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Helen Mirren: Loss of theatres would be major tragedy

Best of British:
Dame Helen
Mirren and Sir
Patrick Stewart (below)
have called for
a national drive
to save theatres

DAME Helen Mirren has warned the ‘identity of the nation’ is at risk if theatres remain permanently closed.

The acclaimed actress called for a national effort to save the £5billion industry, which still has no date for reopening, as well as government help.

‘What is at stake is the loss of a cultural history and an identity of our nation that is embedded in what it means to be British,’ she told Radio 4’s Today programme. ‘It’s like what Venice is to Italy — that incredible beauty and history.

‘When Venice becomes flooded, Italy really pulls together to save Venice because they understand the importance of Venice culturally to Italy. And I feel the same about the theatre in Britain.’

Dame Helen, 74, known for her Oscar-winning portrayal of Elizabeth II in The Queen, has also won an award playing the monarch on stage in Peter Morgan’s The Audience as part of a distinguished career in theatre.

She spoke out after the government resisted calls for a support package for the industry that employs 100,000 people. Thousands in the pub and restaurant sector will be allowed to work from Saturday but many depend on theatre customers for survival.

Last night, veteran Shakespearean actor Sir Patrick Stewart, 79, told Metro he ‘entirely backed’ Dame Helen’ comments.

‘We are in danger of losing British theatre and, if we do, it would be like losing The Tower of London, the Cotswolds, The National Gallery, Lincoln Cathedral or Wembley Stadium,’ the Star Trek and X-Men actor warned. Sir Patrick, who has performed in more than 60 productions with the Royal Shakespeare Company, added: ‘I don’t feel that the government has a comprehension of the significance theatre plays in our society, at every level, both socially and economically.’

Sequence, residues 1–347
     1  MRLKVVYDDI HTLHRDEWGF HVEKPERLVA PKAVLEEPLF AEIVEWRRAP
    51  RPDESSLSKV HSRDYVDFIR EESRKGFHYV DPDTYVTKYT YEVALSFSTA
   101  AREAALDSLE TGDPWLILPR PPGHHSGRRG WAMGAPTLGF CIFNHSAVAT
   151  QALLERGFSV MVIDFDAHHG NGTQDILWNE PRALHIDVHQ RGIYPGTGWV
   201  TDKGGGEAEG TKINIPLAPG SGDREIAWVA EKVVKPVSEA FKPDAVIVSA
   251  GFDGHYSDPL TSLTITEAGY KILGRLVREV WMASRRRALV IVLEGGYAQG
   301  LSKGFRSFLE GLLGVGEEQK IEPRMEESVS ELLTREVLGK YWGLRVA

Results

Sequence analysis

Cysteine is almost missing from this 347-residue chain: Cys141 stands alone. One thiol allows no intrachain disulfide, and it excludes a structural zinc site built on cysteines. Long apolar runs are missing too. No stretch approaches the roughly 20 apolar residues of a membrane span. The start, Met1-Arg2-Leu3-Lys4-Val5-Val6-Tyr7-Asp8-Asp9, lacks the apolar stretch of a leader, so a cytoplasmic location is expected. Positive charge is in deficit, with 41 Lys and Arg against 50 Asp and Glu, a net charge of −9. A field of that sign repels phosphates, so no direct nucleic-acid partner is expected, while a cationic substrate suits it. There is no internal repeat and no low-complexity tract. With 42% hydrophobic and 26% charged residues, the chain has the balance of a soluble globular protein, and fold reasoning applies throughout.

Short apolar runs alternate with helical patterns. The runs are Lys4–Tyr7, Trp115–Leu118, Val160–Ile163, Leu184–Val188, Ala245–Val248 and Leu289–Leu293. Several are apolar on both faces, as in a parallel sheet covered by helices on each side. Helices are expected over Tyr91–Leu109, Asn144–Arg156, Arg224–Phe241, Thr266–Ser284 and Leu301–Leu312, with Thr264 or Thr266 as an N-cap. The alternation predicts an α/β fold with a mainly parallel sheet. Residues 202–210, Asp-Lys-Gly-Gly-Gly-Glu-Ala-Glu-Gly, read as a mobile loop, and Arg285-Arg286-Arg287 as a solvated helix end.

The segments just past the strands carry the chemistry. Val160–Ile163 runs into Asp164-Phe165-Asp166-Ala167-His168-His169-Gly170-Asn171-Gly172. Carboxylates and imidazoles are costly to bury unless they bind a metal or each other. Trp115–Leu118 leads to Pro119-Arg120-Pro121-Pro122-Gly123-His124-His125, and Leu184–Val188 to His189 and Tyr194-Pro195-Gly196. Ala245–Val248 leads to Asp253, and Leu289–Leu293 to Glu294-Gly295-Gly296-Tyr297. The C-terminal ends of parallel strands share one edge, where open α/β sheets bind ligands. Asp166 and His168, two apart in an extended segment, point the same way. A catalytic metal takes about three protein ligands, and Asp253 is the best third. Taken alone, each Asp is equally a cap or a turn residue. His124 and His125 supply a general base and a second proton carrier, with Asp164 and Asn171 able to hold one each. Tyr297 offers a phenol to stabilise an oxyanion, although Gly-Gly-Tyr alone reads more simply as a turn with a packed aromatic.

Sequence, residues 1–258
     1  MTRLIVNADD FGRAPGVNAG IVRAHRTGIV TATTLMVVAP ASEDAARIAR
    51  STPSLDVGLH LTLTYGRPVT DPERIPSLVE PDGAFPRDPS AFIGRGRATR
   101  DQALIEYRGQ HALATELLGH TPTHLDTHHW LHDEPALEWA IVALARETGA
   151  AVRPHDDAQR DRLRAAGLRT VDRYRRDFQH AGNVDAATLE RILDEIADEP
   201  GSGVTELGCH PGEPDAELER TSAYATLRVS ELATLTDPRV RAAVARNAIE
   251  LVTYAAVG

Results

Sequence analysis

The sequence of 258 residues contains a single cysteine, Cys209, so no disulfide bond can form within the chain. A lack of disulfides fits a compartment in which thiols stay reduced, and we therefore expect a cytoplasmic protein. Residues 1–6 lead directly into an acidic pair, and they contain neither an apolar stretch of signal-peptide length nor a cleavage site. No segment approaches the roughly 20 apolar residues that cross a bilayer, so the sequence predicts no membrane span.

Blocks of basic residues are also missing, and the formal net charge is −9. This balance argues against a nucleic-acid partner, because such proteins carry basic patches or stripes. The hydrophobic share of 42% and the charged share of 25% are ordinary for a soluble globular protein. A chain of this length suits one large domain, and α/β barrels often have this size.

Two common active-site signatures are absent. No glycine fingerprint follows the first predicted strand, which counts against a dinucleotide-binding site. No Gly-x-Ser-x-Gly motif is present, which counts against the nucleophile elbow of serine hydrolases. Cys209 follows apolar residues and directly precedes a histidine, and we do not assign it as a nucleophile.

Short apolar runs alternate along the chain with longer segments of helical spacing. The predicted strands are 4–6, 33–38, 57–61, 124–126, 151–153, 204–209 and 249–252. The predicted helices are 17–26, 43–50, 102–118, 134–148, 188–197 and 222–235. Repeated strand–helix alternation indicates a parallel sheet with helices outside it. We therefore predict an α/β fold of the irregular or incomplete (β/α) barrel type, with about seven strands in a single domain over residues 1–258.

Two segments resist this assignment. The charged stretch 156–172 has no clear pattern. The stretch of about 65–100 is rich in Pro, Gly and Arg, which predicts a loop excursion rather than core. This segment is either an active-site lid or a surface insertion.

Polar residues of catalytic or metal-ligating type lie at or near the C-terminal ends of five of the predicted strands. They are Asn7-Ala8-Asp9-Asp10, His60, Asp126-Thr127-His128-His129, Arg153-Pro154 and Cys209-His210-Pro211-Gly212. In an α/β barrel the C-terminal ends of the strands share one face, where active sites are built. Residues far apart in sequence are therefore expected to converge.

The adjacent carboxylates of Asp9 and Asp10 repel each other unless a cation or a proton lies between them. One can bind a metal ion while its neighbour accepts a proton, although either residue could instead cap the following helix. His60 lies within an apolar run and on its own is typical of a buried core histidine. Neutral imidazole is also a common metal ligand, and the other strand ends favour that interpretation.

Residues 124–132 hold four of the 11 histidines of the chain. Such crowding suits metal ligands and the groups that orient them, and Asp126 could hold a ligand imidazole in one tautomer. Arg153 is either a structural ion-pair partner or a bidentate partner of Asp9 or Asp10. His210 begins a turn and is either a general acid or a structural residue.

Dame Judi Dench has also spoken of her fears that theatres will remain ‘dark’ for the rest of her life.

‘It’s a desperate feeling and when will they ever open again? I don’t know — certainly, I’m sure not in my lifetime,’ she told Channel Four News.

A five-stage theatre re-opening plan was outlined by the government last week but no dates have been set.

An ITV News survey found 97.5 per cent of venues fear permanent closure.

More than 38million people visited UK theatres in 2018, generating £127million in VAT alone.

However, theatre revenue will drop from £5.1billion last year to £2billion this year, even if audiences return, according to Oxford Economics.


BRITISH theatre is the envy of the world. Every year tourists flock to the UK to visit Shakespeare’s Globe or a West End playhouse. Hollywood A-listers such as Jake Gyllenhaal and Dame Helen Mirren find space in their schedules to appear on a London stage.

And while the capital is the crème de la crème of the scene, it’s supported by a formidable network of regional producing theatres, from Plymouth to Manchester, Edinburgh to Bristol. It’s why a tiny musical about a cross-dressing schoolboy called Jamie can start life with a three-week run at Sheffield Crucible and a few years later become an international hit.

Theatre is an essential art form. It’s where most of our greatest actors learned their craft, it brings people from every background together and through the art of collective storytelling it tells us who we are.

It also makes the country richer through VAT on tickets and contributes incalculable amounts more to the British economy through tourism.

Unless the government steps up with a comprehensive rescue package, we soon won’t have a theatre industry at all. It is inconceivable that the country that gave the world Shakespeare is prepared to let his legacy die.

The government needs to give theatres up and down the country money, so they can plan for their future and for ours. And it needs to do it now.